“We need to be especially thankful for the law enforcement we have in this community,” Collins said. “Law enforcement most of the time always gets a bad rap, and in this situation, not only did the Vicksburg Police Department, but the sheriff’s office and everybody involved with those departments along with the fire department were there by my side through thick and thin.

“We need to praise the people like Martin Pace, Sam Winchester and Jeff Rigs, because at the end of the day, these men are fathers, daddies, and they’re human beings. And with my son’s body being so badly decomposed, they had to go through that by putting him on the bow of that boat and getting him out of the water. That alone would traumatize a human being beyond relief, because my son was literally in bad shape.”

When he began his search, Collins said. He felt lost and very concerned, “Because I knew my odds were against me from the get-go. But then when you have God and Jesus on your side, you never know what’s going to happen. I’m a firm believer, because we are a very Christian family. It was definitely a test of my faith, believe me, and I didn’t give up my faith.”

“I was very lucky. Without people in law enforcement on my side and (other) people involved, this would have never, never happened. The search kept going because they knew I wouldn’t quit. I’m not a quitter. Beating around the bush is not in my equations.

“I am very, very grateful and very appreciative for what they’ve done for my family and myself,” he said of the sheriff’s office and police department. “I commend them for their services. There’s nothing easy about what they do. It’s a tragic human event is what this is. If it weren’t for Martin’s efforts, we never would have gotten my son’s body out of the water.”

Collins said he knows what it is like to lose a parent.

“Now, unfortunately, I know what it’s like to lose a child, and it is absolutely devastating,” he said. “It is unimaginable. I get mad, I get angry, I cry, I get upset. It has literally drug me to actually going crazy. Words cannot describe how the pain is after going through something like this. It just comes out of nowhere and hits you like a drunk driver. And it’s absolutely unbearable.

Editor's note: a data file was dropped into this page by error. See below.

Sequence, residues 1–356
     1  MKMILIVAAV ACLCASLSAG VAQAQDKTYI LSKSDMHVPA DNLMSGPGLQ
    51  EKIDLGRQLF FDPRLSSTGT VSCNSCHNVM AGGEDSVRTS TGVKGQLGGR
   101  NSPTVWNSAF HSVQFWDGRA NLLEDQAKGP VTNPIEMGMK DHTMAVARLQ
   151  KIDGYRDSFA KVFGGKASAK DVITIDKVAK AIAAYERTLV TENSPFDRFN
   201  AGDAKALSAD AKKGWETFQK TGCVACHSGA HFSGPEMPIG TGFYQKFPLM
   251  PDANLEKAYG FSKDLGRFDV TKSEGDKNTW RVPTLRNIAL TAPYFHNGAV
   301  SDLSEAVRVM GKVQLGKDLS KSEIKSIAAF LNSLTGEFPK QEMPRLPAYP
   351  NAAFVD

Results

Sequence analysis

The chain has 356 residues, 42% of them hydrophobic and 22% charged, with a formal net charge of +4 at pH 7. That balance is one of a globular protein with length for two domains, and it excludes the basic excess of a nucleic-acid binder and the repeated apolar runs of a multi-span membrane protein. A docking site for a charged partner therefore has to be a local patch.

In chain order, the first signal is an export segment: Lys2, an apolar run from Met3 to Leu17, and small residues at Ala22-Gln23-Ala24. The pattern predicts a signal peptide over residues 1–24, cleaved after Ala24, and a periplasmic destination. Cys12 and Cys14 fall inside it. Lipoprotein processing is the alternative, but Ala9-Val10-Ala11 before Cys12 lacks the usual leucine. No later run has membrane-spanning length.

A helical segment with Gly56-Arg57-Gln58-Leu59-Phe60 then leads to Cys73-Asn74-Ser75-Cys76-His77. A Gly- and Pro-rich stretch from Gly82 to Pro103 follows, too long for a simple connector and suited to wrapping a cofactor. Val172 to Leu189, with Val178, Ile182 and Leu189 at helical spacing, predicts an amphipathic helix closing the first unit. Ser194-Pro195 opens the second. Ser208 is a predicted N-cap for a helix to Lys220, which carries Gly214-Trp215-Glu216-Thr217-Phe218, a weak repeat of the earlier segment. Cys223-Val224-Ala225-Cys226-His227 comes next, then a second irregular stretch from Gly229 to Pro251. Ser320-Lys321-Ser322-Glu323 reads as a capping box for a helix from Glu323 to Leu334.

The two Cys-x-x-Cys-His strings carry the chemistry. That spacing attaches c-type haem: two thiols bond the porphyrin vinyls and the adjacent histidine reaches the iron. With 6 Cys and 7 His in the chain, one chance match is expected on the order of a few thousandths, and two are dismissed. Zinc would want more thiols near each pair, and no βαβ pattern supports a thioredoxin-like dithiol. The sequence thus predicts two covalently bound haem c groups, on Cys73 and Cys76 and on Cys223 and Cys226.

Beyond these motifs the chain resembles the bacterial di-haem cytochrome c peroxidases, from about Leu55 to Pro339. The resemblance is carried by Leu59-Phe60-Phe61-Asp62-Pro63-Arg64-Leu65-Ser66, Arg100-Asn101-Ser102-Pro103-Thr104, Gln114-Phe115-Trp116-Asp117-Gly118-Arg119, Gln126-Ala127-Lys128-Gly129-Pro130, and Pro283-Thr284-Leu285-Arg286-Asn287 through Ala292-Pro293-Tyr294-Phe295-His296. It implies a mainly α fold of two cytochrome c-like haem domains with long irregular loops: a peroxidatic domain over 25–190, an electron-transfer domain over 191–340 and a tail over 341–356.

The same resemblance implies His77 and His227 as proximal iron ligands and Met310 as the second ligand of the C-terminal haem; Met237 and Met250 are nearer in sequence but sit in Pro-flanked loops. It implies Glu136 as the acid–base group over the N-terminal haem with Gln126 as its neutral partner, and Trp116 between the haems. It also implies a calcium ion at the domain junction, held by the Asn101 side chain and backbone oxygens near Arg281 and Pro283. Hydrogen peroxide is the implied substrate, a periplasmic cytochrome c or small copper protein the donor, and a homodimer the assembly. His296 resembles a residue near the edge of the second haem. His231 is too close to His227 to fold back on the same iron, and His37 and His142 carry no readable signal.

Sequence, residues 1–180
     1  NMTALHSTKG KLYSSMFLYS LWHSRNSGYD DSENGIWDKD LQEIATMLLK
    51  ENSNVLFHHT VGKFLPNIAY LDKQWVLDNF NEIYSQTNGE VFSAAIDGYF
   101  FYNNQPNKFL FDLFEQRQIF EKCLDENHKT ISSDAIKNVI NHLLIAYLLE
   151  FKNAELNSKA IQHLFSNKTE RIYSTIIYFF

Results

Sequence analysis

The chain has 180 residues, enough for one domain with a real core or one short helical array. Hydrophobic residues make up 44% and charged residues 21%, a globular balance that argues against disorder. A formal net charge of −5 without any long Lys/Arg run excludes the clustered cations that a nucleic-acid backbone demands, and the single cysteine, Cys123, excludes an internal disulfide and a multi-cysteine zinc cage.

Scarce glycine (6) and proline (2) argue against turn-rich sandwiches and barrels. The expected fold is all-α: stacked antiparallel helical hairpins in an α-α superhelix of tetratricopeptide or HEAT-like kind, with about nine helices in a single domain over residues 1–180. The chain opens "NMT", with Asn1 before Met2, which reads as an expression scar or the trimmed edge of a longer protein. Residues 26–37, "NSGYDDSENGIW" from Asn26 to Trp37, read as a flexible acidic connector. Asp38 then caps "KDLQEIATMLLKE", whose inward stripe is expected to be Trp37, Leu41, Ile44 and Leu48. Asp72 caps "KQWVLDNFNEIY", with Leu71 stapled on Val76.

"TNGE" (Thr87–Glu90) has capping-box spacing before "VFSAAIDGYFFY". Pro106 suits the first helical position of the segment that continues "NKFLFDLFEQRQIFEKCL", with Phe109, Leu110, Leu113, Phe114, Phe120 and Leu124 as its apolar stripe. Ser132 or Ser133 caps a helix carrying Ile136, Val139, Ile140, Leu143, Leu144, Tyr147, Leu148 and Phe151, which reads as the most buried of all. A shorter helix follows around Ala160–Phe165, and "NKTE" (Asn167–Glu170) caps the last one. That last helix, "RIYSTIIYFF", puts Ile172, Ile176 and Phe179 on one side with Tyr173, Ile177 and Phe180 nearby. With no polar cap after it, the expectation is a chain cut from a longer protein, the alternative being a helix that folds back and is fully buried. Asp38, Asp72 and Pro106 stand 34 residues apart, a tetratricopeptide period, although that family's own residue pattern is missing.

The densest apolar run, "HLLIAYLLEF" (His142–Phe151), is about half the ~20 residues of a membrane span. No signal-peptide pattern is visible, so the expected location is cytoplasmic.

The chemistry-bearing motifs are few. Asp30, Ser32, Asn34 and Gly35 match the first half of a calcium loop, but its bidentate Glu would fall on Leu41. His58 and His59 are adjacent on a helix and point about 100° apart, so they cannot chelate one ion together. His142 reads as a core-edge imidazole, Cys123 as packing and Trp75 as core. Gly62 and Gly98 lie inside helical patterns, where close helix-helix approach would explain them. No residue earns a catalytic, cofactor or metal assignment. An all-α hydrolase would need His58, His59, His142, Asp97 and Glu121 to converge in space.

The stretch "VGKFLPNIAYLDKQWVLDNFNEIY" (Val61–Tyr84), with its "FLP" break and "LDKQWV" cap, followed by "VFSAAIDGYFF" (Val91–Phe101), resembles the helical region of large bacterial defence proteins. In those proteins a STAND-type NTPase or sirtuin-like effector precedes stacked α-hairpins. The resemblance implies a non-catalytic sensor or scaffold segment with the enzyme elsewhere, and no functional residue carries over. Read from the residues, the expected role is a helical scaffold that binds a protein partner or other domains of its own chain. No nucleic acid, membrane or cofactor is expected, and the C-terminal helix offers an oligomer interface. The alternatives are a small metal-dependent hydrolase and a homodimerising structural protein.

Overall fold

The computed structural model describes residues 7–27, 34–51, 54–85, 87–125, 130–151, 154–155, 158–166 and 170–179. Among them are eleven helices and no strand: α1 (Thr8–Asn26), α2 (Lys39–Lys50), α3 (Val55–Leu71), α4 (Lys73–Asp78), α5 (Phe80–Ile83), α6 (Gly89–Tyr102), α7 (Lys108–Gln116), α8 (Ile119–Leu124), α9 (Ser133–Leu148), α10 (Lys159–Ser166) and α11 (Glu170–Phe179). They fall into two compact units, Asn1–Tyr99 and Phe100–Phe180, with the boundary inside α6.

“My mother is holding up but she is rattled and devastated. The whole family is. I never thought something like this would have ever, ever happened. Utterly shocked.”

He said he is taking his son’s death day-by-day and one step at a time.

“My plans have been ruined,” he said. “My future has been altered. Since the death of my son, my future has been altered. I’ll never get grandbabies by my son. Never get to see him grow up and mature into a man who has a wife and children of his own. He’ll never be able to pass his mother’s legacy and bloodline on. My family is literally wiped out over a senseless tragedy that should have never, never happened.”

About John Surratt

John Surratt is a graduate of Louisiana State University with a degree in general studies. He has worked as an editor, reporter and photographer for newspapers in Louisiana, Mississippi and Alabama. He has been a member of The Vicksburg Post staff since 2011 and covers city government. He and his wife attend St. Paul Catholic Church and he is a member of the Port City Kiwanis Club.